When looking for a new position as a new sourcer, eventually the point will come when you need some help and some guidance from someone who has been there and done that. You will seek advice on how to interview, which job is best for you, the offer itself, as well as continued support to help ensure you get it right. That’s where a mentor can come in. A mentor is someone who is an experienced and trusted advisor that has the industry knowledge to help and guide you through the twists and turns of finding a new position.
When the time came where I was getting in over my head, or so I thought, I reached into my network and found my mentors. I was lucky and got two of the best most respected staffing professional out there; Steve Levy and Derek Zeller. Now I know what some of you might be thinking; my father is Dean Da Costa, so why do I need a mentor? Well, sometimes you need to hear advice from people other than your father.
My mentors helped me through the entire process, and while doing so took the time to help me improve my sourcing skills. They taught me a lot of things to include:
- Writing a killer resume
- How to read a job description to find what they are looking for
- Researching companies, hiring managers, interviewers, etc
- Helping to get my name out there to potential managers
- How to interview
- The importance of follow up
- Deciding on which offer to take
- Getting started in the job
- Continued mentoring when I hit a wall with my sourcing
In talking with my mentors, I learned a lot of things that were new to me, such as the idea that interviewing is a two-way street and that I am interviewing them as much as they are interviewing me. This revelation helped me a lot in deciding which position was the right one for me. In most cases, my mentors knew the managers, companies and management structure and were able to help me select a new job that would give me the best chance to succeed. Given this was one of the first few jobs in the sourcing world I had, I knew I needed to make a selection that would allow me to succeed the best. This meant having a manager and management structure that understood and knew how to not just manage me but push me to be better.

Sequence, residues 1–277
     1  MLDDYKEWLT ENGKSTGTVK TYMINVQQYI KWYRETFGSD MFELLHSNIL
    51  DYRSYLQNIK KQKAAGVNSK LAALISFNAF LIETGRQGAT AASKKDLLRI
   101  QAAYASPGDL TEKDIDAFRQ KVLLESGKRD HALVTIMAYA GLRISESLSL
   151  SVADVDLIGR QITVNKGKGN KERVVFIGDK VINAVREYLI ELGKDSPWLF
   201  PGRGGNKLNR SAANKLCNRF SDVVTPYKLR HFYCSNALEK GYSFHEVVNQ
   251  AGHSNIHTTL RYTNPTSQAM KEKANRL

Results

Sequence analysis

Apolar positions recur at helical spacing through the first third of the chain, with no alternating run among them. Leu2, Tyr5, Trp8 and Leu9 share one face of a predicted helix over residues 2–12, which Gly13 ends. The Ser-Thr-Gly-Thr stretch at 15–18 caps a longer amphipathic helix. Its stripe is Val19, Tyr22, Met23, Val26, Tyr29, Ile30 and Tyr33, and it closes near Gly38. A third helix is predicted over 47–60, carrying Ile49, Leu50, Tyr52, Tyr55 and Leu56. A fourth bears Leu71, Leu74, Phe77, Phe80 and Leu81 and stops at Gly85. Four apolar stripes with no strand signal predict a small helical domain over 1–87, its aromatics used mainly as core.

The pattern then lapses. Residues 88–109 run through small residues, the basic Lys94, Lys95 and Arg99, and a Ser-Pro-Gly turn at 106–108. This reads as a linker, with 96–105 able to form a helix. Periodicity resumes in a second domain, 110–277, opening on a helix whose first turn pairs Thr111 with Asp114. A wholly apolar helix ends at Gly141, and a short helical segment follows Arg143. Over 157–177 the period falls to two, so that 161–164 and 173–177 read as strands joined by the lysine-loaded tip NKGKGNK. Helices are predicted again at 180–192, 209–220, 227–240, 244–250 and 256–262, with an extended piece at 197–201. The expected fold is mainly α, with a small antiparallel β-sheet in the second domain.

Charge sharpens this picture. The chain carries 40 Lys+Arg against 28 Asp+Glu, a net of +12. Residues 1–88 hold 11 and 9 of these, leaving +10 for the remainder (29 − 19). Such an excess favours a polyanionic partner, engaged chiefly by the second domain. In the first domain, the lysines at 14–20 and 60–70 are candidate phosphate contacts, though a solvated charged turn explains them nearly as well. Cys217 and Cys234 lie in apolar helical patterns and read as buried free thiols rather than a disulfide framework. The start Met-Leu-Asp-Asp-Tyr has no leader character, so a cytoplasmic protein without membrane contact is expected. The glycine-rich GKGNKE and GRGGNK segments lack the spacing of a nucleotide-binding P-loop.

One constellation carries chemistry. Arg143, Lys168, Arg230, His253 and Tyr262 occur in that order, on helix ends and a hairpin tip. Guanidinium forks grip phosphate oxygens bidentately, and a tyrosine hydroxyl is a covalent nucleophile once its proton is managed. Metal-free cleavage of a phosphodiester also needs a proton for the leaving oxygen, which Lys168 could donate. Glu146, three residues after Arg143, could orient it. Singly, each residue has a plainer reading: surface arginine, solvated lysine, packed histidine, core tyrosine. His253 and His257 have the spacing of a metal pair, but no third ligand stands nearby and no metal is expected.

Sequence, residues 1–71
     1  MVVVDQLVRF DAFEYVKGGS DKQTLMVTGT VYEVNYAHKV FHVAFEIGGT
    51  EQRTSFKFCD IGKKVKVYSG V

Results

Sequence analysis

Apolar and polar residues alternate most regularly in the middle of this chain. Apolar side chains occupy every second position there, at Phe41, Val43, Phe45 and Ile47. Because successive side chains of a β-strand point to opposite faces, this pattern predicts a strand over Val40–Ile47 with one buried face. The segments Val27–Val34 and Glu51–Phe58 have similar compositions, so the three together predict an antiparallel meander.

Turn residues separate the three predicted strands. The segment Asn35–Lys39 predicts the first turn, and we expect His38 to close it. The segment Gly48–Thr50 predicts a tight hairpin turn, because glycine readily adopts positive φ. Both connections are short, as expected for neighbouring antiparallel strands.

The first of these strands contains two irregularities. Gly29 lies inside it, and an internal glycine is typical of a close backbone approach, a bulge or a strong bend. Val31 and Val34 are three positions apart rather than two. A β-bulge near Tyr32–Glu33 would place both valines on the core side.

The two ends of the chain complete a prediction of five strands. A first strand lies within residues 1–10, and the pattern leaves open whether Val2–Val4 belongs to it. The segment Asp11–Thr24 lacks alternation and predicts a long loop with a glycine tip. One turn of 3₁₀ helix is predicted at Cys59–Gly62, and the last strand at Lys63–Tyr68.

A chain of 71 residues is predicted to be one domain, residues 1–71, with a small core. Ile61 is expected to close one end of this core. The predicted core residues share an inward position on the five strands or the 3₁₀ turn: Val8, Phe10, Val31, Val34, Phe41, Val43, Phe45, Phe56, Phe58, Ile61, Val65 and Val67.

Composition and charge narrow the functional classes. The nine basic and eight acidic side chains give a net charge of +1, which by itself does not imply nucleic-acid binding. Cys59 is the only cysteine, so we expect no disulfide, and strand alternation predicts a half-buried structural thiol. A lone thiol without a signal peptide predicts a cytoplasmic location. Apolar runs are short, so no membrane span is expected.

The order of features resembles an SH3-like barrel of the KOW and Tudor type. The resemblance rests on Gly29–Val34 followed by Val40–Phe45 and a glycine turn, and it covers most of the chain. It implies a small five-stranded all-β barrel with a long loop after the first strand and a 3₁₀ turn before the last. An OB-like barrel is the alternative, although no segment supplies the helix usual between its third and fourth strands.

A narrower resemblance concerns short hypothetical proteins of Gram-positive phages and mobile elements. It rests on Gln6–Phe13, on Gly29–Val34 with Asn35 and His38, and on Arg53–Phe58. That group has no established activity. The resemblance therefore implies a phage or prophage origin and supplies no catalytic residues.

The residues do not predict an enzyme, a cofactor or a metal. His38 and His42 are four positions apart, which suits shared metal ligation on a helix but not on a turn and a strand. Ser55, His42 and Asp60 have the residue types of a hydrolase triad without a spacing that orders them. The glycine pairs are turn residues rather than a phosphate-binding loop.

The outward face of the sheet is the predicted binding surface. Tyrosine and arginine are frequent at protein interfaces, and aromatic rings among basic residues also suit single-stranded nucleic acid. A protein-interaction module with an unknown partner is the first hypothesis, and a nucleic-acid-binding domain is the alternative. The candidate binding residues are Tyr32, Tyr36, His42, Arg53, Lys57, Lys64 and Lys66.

I also learned something, that is somewhat old, but still, very appropriate even today, follow up. I learned of the importance of follow up through sending thank you emails to people who took time to speak with me. This is something I got from Zeller. He explained that follow up and thanking someone accomplished several notable things. First, it shows you are interested in the position and that you understand what they need. Second, follow up shows you are polite and appreciative of the opportunity. Third, it can help keep doors open for the future.
At one point in my current position, my manager, who was new to managing remote sourcers, and I had some issues. Neither my manager nor I was sure how to handle it. I turned to my mentor, Levy, to talk about it. He listened to me, and thought about it and realized it was a bit of a communication issue. He gave me a great idea of how to handle it, specifically over communicating. This to me was new, as I had always thought, you do not want to overwhelm your manager with emails and messages. However, Levy assured me for remote positions with a new manager to remote employees; you want to communicate over and over again until they say stop. So I did, and well the rest is history as things are going great.
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My father, who is also my mentor, told me a story, about how he had his dream job with a fantastic company and an excellent manager. Then his manager left, and he moved to a new group. All of a sudden his dream job became a nightmare. He helped me realize that a manager is very significant, but the fact people come and go, the whole management structure is essential.
In learning this, I made sure to do my research and rely on my mentors and others to help me pick the right opportunity. I can now say I have been in my current role for a few months, and am doing great. I have a great manager and a great vision for what my company wants out of sourcing and where I fit.
The moral of this story is, if you don’t have a mentor or five, get one. Mentors are what allow us newish sourcers and recruiters to have the best chance to succeed. In our industry of recruiting, staffing, and sourcing there are a lot of people who freely give of their time to help others. Whether it is training, mentoring, or helping to find a job, they are there, and you don’t have to go any further than SOURCECON. In my limited years, I have discovered SourceCon a treasure trove full of people who not only want to help but go out of their way to help. Earlier I mentioned, it’s like having a family. My father has been in the staffing world for a long time. He calls SourceCon a family reunion. I can tell you this, in the few times I have been there, that family has opened its arms and accepted and helped me. All my mentors are part of the SourceCon family. So get a mentor, go to SourceCon, become part of the family.